Absolutely! I’m so glad you asked. When I started out, I wasn’t attached to Don Giovanni at all. I was wondering when a character would appear on the page that really grabbed me by the heart. I longed for such a character. And only slowly did I come to understand that Don Giovanni was changing, and so profoundly that he had me breathless. I didn’t expect it at all.
I’ve noticed that mosaics are a recurring theme in your works. How has that come about and what’s their meaning for you?
Oh, I simply love them. I love the way all the little pieces fit together to make a whole picture that you can’t really see until you step away. I love the artist Chuck Close for that reason. When I go to Venice, I sit on the floor of the cathedral and just run my fingers over the mosaics. And they’re so shiny in Italy — I love that, too. Maybe I’ve got a bird spirit — a crow or something — I’m drawn to shiny objects.
What aspect of this story most delighted you, personally?
Probably Don Giovanni’s transformation. But I also really like Mimi. I liked that she yearned to be something that society said she couldn’t be, and she could see the yearning in others. She was so decent to Don Giovanni, without ever lying. I respected her.
What aspect surprised you the most?
Again, Don Giovanni’s transformation. But when I did the research for this story, I was surprised to find that this was the period in which public parks and public baths started in Palermo. It surprised me, because the attitude toward the public had been quite neglectful of such things as their esthetic enjoyment and their cleanliness and health. That surprise, clearly, worked its way through me and came out in Don Giovanni’s behavior once he was settled in his own villa.
What do you hope your readers will take away from the experience of reading this book?
Ah, usually all I want is for a reader to have a good ride. I tell stories, after all– just stories. But this story matters to me in other ways. I find myself lately looking at the huge disparity of wealth in our country (and lots of others) and wondering where it can lead. If you take a good look at the underbelly of poverty and if you’re honest, you have to realize that if you are not poor yourself it is largely due to luck. We can work hard; we can have good skills; and still, with lousy luck, we can wind up in the gutter. And once you’re there, it is very hard to get out. Don Giovanni was thrust there — and it gave him a perspective he probably never would have had otherwise. And that perspective made him decent. So you can guess what my hope is — quite lofty, indeed — I want to help my reader gain a perspective that leads to decent behavior.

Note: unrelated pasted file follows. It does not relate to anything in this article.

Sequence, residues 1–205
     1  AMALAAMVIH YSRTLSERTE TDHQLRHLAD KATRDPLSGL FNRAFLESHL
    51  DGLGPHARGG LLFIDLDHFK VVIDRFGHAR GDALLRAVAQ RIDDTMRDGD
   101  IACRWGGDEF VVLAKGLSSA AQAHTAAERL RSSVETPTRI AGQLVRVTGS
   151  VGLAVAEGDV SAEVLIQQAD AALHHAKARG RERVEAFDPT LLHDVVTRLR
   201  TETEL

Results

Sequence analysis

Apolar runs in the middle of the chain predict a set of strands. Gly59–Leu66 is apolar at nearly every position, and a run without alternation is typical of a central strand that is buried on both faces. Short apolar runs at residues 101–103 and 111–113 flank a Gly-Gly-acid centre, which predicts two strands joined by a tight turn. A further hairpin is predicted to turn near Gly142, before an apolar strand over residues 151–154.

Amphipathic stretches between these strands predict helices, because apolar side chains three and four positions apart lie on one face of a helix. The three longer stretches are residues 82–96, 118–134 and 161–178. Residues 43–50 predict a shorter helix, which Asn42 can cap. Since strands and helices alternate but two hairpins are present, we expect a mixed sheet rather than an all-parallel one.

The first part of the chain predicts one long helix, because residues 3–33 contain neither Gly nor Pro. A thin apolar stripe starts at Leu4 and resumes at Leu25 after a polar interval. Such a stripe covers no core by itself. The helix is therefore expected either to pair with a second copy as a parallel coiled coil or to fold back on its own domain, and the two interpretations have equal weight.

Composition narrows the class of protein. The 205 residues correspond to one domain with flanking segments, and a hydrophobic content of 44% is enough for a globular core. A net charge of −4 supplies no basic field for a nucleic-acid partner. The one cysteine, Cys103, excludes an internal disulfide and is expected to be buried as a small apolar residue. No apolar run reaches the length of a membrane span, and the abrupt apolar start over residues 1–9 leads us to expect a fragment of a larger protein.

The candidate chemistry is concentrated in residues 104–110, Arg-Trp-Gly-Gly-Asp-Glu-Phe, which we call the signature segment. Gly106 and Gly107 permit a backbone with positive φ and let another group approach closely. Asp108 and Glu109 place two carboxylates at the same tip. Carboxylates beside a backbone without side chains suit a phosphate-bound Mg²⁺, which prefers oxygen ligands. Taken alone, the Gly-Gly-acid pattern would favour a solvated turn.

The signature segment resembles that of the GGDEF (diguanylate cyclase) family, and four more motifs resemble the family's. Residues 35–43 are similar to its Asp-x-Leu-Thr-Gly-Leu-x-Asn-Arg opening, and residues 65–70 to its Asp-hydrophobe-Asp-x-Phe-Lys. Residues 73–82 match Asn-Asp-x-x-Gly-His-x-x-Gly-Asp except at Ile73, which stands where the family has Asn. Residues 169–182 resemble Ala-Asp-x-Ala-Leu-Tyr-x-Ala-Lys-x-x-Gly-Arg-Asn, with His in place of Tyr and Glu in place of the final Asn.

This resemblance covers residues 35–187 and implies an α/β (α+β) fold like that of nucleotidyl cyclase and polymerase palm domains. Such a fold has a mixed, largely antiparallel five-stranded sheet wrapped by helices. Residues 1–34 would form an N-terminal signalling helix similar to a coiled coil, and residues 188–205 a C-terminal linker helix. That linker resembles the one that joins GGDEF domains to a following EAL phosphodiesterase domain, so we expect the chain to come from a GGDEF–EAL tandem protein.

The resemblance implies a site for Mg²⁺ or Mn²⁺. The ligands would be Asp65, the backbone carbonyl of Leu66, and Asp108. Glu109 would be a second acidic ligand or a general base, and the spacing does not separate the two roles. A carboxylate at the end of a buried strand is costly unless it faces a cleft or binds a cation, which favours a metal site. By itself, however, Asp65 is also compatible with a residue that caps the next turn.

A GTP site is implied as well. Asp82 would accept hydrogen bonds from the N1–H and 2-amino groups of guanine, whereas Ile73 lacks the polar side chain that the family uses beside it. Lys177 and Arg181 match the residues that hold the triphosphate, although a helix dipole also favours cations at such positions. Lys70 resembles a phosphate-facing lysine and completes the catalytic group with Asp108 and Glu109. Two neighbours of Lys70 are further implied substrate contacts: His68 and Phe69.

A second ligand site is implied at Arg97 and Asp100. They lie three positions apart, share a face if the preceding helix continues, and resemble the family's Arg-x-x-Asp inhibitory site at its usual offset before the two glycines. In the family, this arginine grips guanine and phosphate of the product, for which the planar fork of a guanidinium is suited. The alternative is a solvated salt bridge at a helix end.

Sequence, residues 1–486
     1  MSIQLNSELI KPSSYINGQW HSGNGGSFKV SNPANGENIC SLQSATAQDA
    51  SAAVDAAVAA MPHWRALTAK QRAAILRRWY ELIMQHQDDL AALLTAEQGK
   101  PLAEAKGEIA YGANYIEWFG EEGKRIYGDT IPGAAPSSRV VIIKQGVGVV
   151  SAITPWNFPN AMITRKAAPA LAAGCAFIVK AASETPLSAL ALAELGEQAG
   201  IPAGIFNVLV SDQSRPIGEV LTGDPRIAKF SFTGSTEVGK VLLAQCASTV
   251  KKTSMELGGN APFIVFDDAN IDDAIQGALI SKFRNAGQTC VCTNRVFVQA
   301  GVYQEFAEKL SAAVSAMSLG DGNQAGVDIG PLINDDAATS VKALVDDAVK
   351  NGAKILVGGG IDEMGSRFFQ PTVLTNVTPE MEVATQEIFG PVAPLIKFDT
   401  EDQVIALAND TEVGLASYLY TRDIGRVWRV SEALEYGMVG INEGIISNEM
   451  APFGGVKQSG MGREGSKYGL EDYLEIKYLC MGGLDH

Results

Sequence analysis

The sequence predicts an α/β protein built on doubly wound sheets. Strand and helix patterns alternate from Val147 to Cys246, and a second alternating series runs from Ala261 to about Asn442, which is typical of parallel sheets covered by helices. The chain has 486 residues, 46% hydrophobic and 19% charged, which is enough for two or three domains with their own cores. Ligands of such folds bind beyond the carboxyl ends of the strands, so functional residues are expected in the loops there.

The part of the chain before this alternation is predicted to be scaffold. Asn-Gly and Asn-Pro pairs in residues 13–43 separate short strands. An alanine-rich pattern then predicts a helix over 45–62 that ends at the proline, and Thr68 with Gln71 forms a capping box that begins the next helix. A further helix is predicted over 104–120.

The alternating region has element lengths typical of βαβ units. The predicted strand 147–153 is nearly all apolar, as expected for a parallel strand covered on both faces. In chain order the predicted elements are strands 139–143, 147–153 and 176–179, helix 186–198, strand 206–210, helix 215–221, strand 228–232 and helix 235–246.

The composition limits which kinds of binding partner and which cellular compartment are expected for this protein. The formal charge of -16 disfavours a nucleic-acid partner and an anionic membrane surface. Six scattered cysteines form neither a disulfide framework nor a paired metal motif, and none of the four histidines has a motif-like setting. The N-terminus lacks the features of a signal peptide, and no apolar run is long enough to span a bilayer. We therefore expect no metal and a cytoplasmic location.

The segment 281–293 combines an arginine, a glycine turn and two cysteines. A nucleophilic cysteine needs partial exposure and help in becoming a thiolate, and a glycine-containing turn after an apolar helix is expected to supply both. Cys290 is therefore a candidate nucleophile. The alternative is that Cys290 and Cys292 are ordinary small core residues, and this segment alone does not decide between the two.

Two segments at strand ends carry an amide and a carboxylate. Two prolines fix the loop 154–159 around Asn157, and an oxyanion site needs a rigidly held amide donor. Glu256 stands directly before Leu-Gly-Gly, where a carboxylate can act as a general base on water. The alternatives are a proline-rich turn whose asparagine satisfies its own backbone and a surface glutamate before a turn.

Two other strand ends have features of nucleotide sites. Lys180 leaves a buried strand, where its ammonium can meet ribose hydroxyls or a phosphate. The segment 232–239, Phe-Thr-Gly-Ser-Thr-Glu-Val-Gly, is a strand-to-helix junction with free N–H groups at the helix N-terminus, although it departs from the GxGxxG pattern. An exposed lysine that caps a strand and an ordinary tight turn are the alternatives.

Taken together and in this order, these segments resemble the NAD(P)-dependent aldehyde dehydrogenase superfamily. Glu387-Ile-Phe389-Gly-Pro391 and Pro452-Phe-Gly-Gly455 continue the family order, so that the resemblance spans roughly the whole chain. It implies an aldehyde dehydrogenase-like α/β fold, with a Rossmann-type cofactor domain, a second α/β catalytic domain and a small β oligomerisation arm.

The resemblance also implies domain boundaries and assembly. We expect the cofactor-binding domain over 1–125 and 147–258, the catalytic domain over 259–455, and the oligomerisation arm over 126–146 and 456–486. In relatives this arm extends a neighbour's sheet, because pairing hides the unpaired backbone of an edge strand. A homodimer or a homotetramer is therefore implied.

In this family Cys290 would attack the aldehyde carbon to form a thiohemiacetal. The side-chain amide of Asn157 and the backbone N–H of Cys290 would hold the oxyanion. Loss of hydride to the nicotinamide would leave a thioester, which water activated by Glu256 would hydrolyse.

That sort of links back to one of the central themes of the book. “What can money solve?” Where do you feel the answer to that question lies, and what new truths did Don Giovanni’s journey illuminate for you?
I believe money can solve a lot, but, like any wonderful resource, it depends on how it’s used. There’s a difference between gathering tons of money and buying yourself and your loved ones fancy cars, and, instead, using the money to make life better (and, sometimes, even possible) for others. I know people in America, in my little college, in fact, who earn over $100,000 and complain about being strapped for cash. The median income in America is around half of that, and their income puts them in the top quintile. The area around my college has many neighborhoods in which one can live very well on that income. But they moan, sometimes eloquently. And these are not nasty people; they consider themselves enlightened. There is something very wrong about our attitudes toward money in America when people like that think of themselves as deprived. They aren’t hungry. They can pay their medical bills. They have a good roof over their heads. And plenty, far too many, in our country are hungry, can’t go to doctors, don’t have a roof over their heads. We view absurdities as necessities (just open anyone’s closet and count the number of pairs of shoes). . .
I feel very sure that even past the end of the book, when Don Giovanni has regained his strength and beauty, he will continue to offer his home as a resource to others, and he will continue to fund events and institutions that benefit everyone. He’s lived poverty. Some people climb out of poverty and surround themselves with riches; others climb out of poverty and help others to do so, too. Don Giovanni’s in the decent group. He becomes a Mensch. Don’t you love him?